The following blog post was written by Ann Marie Rohaly - Director of Accessibility Policy and Standards at Microsoft. She has a Ph.D. in biomedical engineering and has worked in the area of accessibility since 2009.
I have always loved learning languages. In sixth grade, I was excited the day the junior high school language teachers visited my class. I knew immediately that I wanted to learn French, even though everyone said it was much harder than Spanish. Later in high school, I was flipping through television channels one lazy Saturday when I realized I could follow an Italian opera without subtitles because of the similarities between Italian and French.
Over the years, I have traveled around the world on business and before each trip I have learned a bit of the local language. Besides being useful, I enjoy studying new languages and seeing the look of appreciation on people’s faces when I try, no matter how awkwardly, to communicate in their native tongue.
I have wanted to learn American Sign Language (ASL) for a long time and last year Microsoft offered me an opportunity to take a 12-session class, Signing for the Workplace. As we started, some students were nervous about having a teacher who was deaf and her no-voices policy. But, since I learned French in a total immersion environment, I was up for the challenge. My main concern was being left-handed. All my life, I’ve had to adapt to a right-handed world and I was pleasantly surprised to learn it was OK to sign with my left hand.
Being a visual thinker, I find that the conceptual nature of ASL speaks to me (pun intended). One of the things I like about learning languages is discovering patterns and relationships among words and expressions. For example, I find it fascinating yet intuitive that signs for class, team, family and organization are similar because the underlying concept is the same - a group of people.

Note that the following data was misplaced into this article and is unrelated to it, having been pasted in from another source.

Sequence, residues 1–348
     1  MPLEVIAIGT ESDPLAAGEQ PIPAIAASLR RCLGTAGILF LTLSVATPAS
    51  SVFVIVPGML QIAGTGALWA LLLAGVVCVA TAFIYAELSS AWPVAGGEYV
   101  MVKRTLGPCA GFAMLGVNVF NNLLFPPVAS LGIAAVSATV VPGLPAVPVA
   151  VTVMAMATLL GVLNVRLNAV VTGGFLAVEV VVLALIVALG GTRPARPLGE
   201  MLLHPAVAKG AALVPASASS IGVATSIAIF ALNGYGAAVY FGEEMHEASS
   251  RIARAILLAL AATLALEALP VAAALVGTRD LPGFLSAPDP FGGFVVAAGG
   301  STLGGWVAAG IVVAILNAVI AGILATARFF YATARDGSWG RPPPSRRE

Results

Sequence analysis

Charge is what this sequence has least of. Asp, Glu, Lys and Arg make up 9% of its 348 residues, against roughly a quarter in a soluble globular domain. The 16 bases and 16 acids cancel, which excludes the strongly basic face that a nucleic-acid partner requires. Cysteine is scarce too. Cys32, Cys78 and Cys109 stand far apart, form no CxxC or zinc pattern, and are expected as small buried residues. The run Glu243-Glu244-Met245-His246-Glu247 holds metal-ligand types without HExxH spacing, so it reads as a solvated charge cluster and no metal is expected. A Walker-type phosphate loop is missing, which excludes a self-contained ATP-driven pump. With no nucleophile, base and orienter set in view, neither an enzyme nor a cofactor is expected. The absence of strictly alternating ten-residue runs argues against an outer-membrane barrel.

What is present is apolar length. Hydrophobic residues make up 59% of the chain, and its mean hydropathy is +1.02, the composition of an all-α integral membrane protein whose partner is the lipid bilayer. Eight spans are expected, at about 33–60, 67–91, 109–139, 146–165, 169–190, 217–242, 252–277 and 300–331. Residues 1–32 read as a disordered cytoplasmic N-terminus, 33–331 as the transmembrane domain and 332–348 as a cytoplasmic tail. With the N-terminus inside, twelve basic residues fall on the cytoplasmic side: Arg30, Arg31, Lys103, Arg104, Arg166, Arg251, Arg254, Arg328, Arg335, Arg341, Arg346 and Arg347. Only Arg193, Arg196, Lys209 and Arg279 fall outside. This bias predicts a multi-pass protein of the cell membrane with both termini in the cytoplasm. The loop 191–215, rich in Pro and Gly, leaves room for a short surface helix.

Since that class I have tried out my new ASL skills and once again I have received encouraging feedback. The first question always was: “Who do you practice with?” In addition to an employee group that gets together once a month over lunch, I’m lucky to have a daughter who is studying ASL in college. Even though she is far from home, we are often on Skype and practice ASL together. She recently completed her second year of college ASL, so I have a thing or three to learn from her. I am looking forward to our future Skype sessions so I can keep improving.
Here in British Columbia, ASL is believed to be the fifth most commonly used language. So its not about isolation, its about separation from the opportunities of our larger communities. Technologies such as TTYs or captioning allow a "direct connect" between the Deaf and Hard of Hearing and the larger communities. New technologies will continue to format the soundscape into a visual state and permit autonomous and independent communication - maybe for the first time.
I've been learning ASL for the past couple of years so next time I see you at the FCC or CSUN we can practice...